While the Justice League is clearly referenced in the subtitle of this movie, there were a couple of scenes in this film that took that reference way too far. These scenes felt forced, and when you see the film you’ll know exactly which scenes I’m talking about. One scene is an absolute WTF moment, that feels incredibly forced, and I immediately wished that they either hadn’t had that scene in there at all, or had just put it in as an after credits scene. DC I know you don’t want to be called out for copying Marvel for having an after credits scene, but your first priority should be making a movie that is a great standalone film, not a stepping stone for future ones.

*This is the part where I get specific so if you don’t want to know, then go to the next paragraph* The other scene that comes to mind is tolerable, but again it derails the movie by taking us away from the confrontation that we should care about. The showdown between Batman and Superman. In the scene it makes clear reference to the existence of the other superheros in the world, and it does so by displaying the insignia of each character. This got cheers from the crowd and in my opinion would’ve sufficed as a tease for what is to come. For the few people that aren’t able to understand who the symbols are referencing, the movie then spends about a minute on each character showing brief displays of their abilities.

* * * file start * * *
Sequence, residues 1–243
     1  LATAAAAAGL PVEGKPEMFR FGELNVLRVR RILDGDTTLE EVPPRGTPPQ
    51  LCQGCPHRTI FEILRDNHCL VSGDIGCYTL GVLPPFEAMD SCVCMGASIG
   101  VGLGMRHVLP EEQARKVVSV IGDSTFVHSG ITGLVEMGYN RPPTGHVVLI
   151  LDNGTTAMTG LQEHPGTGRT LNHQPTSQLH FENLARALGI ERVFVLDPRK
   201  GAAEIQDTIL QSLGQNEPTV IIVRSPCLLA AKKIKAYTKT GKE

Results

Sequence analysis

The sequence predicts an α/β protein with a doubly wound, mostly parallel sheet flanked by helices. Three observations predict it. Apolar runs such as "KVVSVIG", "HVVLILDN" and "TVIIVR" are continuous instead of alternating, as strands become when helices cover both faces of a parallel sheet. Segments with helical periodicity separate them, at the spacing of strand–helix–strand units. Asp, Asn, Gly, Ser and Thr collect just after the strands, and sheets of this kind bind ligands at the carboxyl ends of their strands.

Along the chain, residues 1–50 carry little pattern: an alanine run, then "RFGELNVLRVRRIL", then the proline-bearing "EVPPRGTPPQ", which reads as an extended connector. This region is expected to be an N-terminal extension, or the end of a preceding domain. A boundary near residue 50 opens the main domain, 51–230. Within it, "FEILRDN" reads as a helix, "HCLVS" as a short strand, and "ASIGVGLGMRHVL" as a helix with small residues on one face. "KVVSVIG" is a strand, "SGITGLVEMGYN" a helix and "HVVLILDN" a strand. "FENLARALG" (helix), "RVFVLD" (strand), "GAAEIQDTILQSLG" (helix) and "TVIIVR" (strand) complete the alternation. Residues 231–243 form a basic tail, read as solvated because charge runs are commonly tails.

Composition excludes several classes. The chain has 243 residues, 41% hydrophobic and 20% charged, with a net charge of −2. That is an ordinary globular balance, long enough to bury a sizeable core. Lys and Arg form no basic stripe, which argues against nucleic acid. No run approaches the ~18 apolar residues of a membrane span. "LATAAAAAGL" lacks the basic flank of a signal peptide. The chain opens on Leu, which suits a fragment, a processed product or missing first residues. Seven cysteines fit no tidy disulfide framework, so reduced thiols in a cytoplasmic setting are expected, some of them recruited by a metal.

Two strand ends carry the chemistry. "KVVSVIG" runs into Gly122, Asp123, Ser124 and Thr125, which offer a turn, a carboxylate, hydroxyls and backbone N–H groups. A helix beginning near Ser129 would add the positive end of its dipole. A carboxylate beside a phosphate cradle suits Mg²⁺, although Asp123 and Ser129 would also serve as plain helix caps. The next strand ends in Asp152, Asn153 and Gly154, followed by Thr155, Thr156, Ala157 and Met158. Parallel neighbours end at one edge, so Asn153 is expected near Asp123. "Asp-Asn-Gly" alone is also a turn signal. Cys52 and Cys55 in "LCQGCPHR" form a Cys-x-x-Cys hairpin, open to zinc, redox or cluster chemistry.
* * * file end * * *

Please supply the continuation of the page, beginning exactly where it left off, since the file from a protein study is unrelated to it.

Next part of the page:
The comic book fan in me was obviously pleased with both of these scenes, but it hinders the pace of the movie. They already have to introduce us to the new versions of Batman, Lex Luthor, and Wonder Woman to a degree, and then develop all of them throughout the movie. Get us to care about both Superman and Batman. Make us understand what is happening and why Batman and Superman are fighting. All in the span of about 2 and a half hours. There is just no room for that heavy of an emphasis on the Justice League and the future of the DC cinematic universe. The subtitle I feel was reference enough, and if that wasn’t then the team up at the end was. Like you really didn’t know they would end up teaming up when the title has DAWN OF JUSTICE in it. Speaking of the team up…